A Saudi firing squad on Wednesday executed in public seven men convicted of armed robbery despite last-minute appeals by rights groups that their lives be spared, the interior ministry and a witness said.
The condemned men were convicted of "forming a gang that carried out several armed robberies and thefts with the help of other people," the ministry said in a statement published by the official SPA news agency.
They were executed "as a punishment to them and to deter others" from carrying out similar crimes, said SPA, adding that their fellow-robbers had been sentenced to various jail terms and lashes.
A witness told AFP by telephone that the execution was "implemented a while ago at a public square in Abha," adding that the defendants were "shot dead" and not beheaded as is customary in the kingdom.
The announcement came soon after Amnesty International released a statement renewing calls on the Saudi authorities to halt the executions.
The seven men -- Sarhan Al Mashaikh, Saeed Al Zahrani, Ali Al Shahri, Nasser Al Qahtani, Saeed Al Shahrani, Abdulaziz Al Amri and Ali Al Qahtani -- were charged with organising a criminal group, armed robbery and raiding and breaking into jewellery stores in 2005, and sentenced to death in 2009.
Amnesty said two of the men -- Shahri and Shahrani -- "are believed to have been juveniles at the time of the alleged crime."
According to local news website sabq.org, the men were aged between 20 and 24 when the executions were carried out.
"It is a bloody day when a government executes seven people on the grounds of 'confessions' obtained under torture, submitted at a trial where they had no legal representation or recourse to appeal," said Amnesty.
They had been scheduled to die on March 5, but their executions were postponed for a week.
France also condemned the executions, pointing out that the execution of convicts who were minors at the time of their crimes is contrary to the Convention on the Rights of the Child, which Riyadh has ratified.
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Three UN human rights experts on Tuesday had likewise urged Saudi Arabia to halt the executions, saying the defendants had allegedly been convicted on the basis of trumped-up charges and flawed trials.
"I reiterate that any death sentence undertaken in contravention of a state's international obligations is tantamount to an arbitrary execution, and is unlawful," said the UN special rapporteur on extrajudicial, summary or arbitrary executions, Christof Heyns.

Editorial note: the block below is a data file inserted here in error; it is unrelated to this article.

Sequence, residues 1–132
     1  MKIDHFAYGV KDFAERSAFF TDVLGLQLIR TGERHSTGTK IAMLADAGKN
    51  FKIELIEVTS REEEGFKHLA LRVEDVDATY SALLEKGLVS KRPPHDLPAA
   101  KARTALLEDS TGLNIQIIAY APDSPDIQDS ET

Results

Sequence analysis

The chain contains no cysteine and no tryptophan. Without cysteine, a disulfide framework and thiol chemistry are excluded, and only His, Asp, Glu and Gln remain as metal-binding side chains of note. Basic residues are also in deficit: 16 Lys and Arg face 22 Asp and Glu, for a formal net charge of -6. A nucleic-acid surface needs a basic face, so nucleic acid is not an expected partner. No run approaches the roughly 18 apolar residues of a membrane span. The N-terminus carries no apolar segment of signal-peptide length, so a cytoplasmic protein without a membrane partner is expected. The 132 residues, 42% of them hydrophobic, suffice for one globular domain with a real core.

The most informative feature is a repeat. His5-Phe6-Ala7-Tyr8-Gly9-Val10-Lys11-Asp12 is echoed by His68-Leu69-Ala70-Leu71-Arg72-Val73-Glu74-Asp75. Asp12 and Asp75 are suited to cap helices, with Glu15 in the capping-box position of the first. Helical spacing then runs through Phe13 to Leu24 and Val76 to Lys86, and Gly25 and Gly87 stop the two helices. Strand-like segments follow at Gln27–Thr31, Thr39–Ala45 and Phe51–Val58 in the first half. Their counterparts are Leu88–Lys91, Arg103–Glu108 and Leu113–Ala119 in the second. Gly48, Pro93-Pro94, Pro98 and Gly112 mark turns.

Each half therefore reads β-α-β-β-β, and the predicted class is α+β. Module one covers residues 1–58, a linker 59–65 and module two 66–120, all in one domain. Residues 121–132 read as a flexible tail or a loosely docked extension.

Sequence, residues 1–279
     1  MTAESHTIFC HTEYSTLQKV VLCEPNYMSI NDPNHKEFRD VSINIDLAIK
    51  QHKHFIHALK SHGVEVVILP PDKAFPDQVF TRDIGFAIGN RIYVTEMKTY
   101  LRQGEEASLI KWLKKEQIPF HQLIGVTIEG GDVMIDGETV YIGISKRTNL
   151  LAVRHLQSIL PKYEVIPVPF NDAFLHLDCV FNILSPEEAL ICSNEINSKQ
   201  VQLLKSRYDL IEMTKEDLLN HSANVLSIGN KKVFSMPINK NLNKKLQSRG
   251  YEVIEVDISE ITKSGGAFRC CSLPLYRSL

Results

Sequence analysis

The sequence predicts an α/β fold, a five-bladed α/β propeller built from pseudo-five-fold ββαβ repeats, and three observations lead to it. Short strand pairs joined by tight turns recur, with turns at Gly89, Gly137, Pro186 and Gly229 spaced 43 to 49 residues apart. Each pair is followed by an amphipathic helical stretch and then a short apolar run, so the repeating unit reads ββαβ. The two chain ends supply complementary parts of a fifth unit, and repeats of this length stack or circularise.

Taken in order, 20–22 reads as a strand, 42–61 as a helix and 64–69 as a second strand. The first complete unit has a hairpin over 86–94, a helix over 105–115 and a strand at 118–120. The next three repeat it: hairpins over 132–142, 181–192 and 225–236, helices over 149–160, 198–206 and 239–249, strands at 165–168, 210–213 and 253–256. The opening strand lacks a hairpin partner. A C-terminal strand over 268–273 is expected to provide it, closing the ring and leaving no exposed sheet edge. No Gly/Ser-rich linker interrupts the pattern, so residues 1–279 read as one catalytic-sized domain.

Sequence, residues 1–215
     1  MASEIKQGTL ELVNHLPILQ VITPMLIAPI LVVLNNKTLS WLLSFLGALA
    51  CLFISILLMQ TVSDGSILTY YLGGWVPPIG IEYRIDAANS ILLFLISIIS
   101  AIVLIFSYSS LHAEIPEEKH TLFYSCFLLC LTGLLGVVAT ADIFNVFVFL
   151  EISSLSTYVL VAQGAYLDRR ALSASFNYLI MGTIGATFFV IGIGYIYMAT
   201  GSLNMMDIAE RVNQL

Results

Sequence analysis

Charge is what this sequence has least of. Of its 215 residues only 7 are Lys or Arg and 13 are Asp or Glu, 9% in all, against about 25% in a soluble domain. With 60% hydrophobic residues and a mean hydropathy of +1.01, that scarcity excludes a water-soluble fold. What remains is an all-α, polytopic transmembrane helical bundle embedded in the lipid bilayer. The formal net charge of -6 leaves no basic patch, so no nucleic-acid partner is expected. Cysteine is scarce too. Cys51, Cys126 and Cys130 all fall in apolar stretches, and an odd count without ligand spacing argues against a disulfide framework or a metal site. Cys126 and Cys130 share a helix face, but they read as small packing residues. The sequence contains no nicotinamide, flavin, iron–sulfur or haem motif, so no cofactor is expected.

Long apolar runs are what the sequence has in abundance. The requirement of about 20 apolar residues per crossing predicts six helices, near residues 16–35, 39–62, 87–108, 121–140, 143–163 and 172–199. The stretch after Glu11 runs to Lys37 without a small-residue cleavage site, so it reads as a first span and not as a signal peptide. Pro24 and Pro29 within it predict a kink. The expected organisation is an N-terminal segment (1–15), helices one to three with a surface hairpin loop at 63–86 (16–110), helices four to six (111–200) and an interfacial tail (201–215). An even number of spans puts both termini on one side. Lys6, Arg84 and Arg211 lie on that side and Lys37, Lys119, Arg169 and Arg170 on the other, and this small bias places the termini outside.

And the UN special rapporteur on torture, Juan E. Mendez, expressed "deep concern" over the torture allegations.
This "is also in breach of the government's international obligation under the convention against torture that explicitly forbids the use of all forms of torture," he said.
Executions in Saudi Arabia, which applies a strict interpretation of Islamic sharia law, are generally carried out by beheading, but media reports said authorities were considering using firing squads because of a shortage of executioners.
Local Al-Yawm daily reported that the kingdom has formed a specialised committee to study the "possibility of replacing beheadings by the sword with firing squads as this is not against sharia."
This is due to "the lack of beheaders who may sometimes take long to arrive at the execution site from other regions, causing confusion," it said.
Also on Wednesday, authorities executed another national, Fada al-Subaie, in the southwestern Mecca region, after he was convicted of murdering a fellow Saudi, SPA reported. It did not specify the method of his execution.
Wednesday's executions bring to 26 the number of people put to death in Saudi Arabia so far this year.
In 2012, the kingdom executed 76 people, according to an AFP tally based on official figures. The US-based Human Rights Watch put the number at 69.
Rape, murder, apostasy, armed robbery and drug trafficking are all punishable by death under Saudi Arabia's strict version of sharia, or Islamic law.